Those of us with long memories — defined in this turbocharged world as memories that date back more than 90 days — will recall that one of the biggest cliffhangers of that bygone season involved the funding of the Children's Health Insurance Program, or CHIP.
CHIP, which costs the federal government a paltry $14.5 billion a year but covers 9 million children and pregnant mothers, finally got funded by Congress in January, more than three months after the lawmakers allowed it to expire.
Now President Trump, eagle-eyed as ever for places to save federal funds (except when the money is spent on the 1%), is proposing to strip some $7 billion from funding for CHIP and other children's programs. That's nearly half the $15 billion he wants Congress to "rescind" from funds already appropriated for non-defense programs.
The CHIP funds aren't central to the program's spending — some are contingency funds and some are excess appropriations. But they're crucial nonetheless, according to child health expert Joan Alker of Georgetown University's Center for Children and Families.
"Congress has really tried to send a message that CHIP is well-funded and well-supported," Alker observed Tuesday. Trump's actions undermine that message. (States contribute to CHIP, but only about 8% on a nationwide basis.)
What made this process especially grotesque was that the inaction jeopardized the nation's one indisputable healthcare success: CHIP had reduced the uninsured rate among kids to 5% from 14% over the two decades of its existence.
Moreover, CHIP is one of the few federal spending programs that has enjoyed unalloyed bipartisan support since its inception in 1997 — among its original sponsors was Sen. Orrin Hatch (R-Utah), who kept proclaiming himself the godfather of children's healthcare funding but couldn't lift a finger to remove the logjam over CHIP.
States used residual CHIP funds to keep their programs operating, but over the ensuing months, state after state started to run out of money and warned enrolled families that they would have to find children's coverage elsewhere.
The crisis underscored the absurdity of funding such a crucial health program a few years at a time; last year's expiration came at the end of a two-year funding block. When Congress finally got around to restoring CHIP funding as part of a continuing resolution passed Jan. 22, it extended the program for six years. Two weeks later, in a second continuing resolution, it extended the program an additional four years, 10 in total.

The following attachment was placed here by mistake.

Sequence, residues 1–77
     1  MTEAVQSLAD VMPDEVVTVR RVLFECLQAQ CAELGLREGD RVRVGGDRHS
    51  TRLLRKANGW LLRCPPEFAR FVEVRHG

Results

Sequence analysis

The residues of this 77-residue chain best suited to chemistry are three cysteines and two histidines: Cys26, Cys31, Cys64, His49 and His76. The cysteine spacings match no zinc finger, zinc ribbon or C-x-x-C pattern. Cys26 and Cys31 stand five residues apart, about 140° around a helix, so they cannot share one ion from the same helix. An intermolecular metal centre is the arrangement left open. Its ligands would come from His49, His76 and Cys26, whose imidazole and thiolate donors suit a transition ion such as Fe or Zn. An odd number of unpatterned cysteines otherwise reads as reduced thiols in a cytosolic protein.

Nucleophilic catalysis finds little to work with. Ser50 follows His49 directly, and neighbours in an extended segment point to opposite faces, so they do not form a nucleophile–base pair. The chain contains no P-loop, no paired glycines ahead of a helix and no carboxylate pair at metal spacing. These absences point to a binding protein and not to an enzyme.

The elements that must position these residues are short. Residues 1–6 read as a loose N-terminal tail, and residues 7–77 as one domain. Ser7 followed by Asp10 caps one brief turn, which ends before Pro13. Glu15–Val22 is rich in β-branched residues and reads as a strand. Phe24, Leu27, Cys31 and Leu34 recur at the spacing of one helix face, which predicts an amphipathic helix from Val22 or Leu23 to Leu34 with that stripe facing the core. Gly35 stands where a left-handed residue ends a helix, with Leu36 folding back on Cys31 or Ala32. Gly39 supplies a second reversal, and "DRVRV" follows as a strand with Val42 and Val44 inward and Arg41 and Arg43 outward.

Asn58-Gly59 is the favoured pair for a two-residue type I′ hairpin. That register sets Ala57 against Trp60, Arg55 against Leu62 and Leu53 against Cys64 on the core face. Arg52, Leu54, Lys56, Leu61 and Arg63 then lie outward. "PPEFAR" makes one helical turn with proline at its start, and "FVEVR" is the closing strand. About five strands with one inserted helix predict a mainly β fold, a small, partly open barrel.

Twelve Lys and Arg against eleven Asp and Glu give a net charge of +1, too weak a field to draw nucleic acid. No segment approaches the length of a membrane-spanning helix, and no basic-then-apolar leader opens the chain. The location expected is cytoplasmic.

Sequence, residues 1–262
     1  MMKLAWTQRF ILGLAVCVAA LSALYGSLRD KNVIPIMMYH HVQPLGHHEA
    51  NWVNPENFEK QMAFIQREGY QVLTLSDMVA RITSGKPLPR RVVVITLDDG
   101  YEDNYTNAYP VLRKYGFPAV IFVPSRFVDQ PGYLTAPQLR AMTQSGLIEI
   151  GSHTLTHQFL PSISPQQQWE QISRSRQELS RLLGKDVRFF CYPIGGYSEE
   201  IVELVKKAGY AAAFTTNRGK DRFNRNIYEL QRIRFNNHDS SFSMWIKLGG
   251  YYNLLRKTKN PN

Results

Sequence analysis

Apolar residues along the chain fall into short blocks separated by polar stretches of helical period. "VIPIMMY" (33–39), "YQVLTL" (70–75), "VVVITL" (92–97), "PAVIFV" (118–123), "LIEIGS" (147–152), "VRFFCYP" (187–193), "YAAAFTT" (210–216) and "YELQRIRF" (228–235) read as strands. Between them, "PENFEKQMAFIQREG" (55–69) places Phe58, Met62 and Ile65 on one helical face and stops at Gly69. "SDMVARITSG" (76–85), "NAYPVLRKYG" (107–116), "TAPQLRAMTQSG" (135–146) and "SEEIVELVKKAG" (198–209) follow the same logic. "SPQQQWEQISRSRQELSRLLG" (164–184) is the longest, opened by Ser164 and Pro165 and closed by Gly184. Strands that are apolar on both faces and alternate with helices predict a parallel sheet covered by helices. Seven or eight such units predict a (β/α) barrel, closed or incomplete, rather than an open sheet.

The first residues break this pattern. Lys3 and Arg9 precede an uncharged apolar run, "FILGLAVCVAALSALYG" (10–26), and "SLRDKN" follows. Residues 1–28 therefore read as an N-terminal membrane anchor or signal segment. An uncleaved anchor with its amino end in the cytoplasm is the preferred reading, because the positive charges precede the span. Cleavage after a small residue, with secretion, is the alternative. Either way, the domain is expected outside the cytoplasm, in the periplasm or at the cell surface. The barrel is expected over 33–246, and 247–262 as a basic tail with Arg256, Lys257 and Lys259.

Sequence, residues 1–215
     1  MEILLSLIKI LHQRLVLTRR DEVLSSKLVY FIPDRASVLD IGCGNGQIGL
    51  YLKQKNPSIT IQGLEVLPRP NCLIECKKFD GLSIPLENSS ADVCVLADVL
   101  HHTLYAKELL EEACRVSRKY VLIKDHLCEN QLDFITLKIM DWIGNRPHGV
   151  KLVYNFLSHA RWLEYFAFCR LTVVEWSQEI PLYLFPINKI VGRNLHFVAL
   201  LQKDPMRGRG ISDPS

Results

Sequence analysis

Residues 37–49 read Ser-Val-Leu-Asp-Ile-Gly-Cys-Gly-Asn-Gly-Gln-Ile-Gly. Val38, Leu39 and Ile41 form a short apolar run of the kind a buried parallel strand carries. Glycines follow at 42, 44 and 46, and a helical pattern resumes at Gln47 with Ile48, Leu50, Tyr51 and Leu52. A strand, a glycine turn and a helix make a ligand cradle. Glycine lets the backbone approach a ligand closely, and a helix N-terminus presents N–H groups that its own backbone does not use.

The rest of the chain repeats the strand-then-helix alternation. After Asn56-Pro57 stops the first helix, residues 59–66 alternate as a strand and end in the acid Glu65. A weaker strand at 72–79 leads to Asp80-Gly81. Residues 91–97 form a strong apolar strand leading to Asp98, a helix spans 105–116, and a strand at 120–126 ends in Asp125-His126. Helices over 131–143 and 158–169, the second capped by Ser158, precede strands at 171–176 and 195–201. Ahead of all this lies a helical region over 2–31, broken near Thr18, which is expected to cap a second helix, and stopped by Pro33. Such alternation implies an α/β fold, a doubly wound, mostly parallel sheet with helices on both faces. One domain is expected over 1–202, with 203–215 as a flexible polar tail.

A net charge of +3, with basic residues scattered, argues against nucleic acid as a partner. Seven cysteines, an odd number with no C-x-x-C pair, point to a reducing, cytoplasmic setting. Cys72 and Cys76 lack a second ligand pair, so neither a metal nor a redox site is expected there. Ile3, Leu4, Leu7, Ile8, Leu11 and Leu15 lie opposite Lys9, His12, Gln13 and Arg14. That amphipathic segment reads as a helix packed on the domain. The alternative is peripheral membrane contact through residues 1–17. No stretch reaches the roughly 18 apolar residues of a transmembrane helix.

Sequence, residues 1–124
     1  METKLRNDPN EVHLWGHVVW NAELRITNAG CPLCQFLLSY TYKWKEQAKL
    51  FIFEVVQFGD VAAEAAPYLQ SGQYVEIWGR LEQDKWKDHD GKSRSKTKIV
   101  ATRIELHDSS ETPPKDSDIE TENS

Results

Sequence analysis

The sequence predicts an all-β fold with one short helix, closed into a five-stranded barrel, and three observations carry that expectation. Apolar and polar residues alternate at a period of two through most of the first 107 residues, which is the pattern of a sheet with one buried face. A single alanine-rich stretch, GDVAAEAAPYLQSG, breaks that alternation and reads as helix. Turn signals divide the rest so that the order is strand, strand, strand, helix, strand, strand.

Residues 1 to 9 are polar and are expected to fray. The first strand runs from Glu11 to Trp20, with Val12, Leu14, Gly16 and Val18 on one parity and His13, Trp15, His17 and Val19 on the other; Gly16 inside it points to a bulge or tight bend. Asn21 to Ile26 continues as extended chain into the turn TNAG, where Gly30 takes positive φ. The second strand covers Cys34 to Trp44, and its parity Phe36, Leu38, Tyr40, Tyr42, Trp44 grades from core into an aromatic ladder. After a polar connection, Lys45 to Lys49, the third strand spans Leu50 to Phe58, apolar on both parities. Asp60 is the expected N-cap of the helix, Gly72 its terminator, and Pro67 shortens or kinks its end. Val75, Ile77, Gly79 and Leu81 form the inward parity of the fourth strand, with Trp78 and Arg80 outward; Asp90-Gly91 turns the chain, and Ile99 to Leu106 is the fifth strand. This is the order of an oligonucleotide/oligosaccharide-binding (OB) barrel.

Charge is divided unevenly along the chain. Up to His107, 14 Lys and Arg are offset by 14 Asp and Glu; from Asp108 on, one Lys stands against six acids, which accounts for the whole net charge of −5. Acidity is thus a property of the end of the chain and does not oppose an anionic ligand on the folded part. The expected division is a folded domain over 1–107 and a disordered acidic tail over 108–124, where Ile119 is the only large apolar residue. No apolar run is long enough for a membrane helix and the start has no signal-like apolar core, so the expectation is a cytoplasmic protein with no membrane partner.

Yet here comes Trump. "Children and states had to wait months for CHIP to be funded, and finally breathed a sigh of relief when Congress moved forward with a long-term CHIP funding extension," Alker says. "This proposal removes reassurances states need that funding will be available to keep kids covered."
The rescission proposal Trump submitted to Congress Tuesday calls for taking $2 billion from CHIP's Child Enrollment Contingency Fund, which covers unexpected surges in enrollment in individual states. "It's best thought of as a rainy-day fund," Alker told me.
Because CHIP is a block-granted program, with allocations to states based on prior enrollments, the fund is there to cover hurricanes, recessions, plant closures — all the imponderables that might land during the course of a year. Trump's rescission would reduce the contingency fund to about $500 million. "Nobody knows if that will be enough for the rest of the year," Alker says. "But that's the point of a rainy-day fund — it's for the unexpected."
The other $5 billion in Trump's gun sights is money initially appropriated for CHIP but not disbursed once the states' allocations are calculated at the beginning of the year. Traditionally, the excess has been redirected to other children's programs, such as Head Start. Under Trump's request, it won't be available for those purposes.
The administration asserts that the proposed rescissions won't do any damage to CHIP because the money probably wouldn't be spent anyway, but it claims the cuts are needed to reduce the deficit even so. In the words of David Super of Georgetown Law School, this argument is "both strange and contradictory."
Leave aside that Republicans just passed a tax cut that will create $1.5 trillion in deficits over 10 years. If the money wouldn't be spent, then "there are no savings," Super observes. As for the contingency funds, "the White House argues that, because the economy seems strong, these funds likely will not be needed. If that is true, the rescission saves no money and is pure theater. If, however, an economic downturn comes, why would we not want to help the newly impoverished as much as the chronic poor?"
He has put his finger on the theatrical element of the rescission request. Trump is feeding meat to a right-wing caucus in Congress that was outraged at a spending bill it considered too lavish. There's some question whether the request can be filibustered in the Senate, which would mean it's dead on arrival, and some question whether it could pass in the Senate even on a majority vote.
The real issue comes down to whether Trump and his fellow Republicans can be trusted to keep their word. The continuing resolutions of January and February encompassed commitments to funding CHIP and other programs for children in low-income households. Now, Trump wants to blow up those commitments, as surely as he's blowing up the Iran nuclear deal, and with scarcely any greater rationale.